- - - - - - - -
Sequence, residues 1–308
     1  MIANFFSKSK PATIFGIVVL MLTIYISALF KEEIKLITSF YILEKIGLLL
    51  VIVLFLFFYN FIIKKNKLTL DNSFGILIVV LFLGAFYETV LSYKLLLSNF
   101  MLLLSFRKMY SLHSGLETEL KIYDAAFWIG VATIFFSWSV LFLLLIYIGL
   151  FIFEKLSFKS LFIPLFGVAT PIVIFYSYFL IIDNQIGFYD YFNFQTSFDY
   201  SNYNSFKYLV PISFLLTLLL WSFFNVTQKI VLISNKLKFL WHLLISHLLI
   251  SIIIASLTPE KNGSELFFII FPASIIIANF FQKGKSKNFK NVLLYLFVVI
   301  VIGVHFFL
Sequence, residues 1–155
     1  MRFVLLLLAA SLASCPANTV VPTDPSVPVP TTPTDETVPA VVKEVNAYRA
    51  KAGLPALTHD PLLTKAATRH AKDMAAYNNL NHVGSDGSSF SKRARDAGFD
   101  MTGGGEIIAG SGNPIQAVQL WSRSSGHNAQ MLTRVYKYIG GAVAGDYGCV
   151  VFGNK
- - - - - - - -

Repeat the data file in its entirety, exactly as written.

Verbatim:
Sequence, residues 1–308
     1  MIANFFSKSK PATIFGIVVL MLTIYISALF KEEIKLITSF YILEKIGLLL
    51  VIVLFLFFYN FIIKKNKLTL DNSFGILIVV LFLGAFYETV LSYKLLLSNF
   101  MLLLSFRKMY SLHSGLETEL KIYDAAFWIG VATIFFSWSV LFLLLIYIGL
   151  FIFEKLSFKS LFIPLFGVAT PIVIFYSYFL IIDNQIGFYD YFNFQTSFDY
   201  SNYNSFKYLV PISFLLTLLL WSFFNVTQKI VLISNKLKFL WHLLISHLLI
   251  SIIIASLTPE KNGSELFFII FPASIIIANF FQKGKSKNFK NVLLYLFVVI
   301  VIGVHFFL
Sequence, residues 1–155
     1  MRFVLLLLAA SLASCPANTV VPTDPSVPVP TTPTDETVPA VVKEVNAYRA
    51  KAGLPALTHD PLLTKAATRH AKDMAAYNNL NHVGSDGSSF SKRARDAGFD
   101  MTGGGEIIAG SGNPIQAVQL WSRSSGHNAQ MLTRVYKYIG GAVAGDYGCV
   151  VFGNK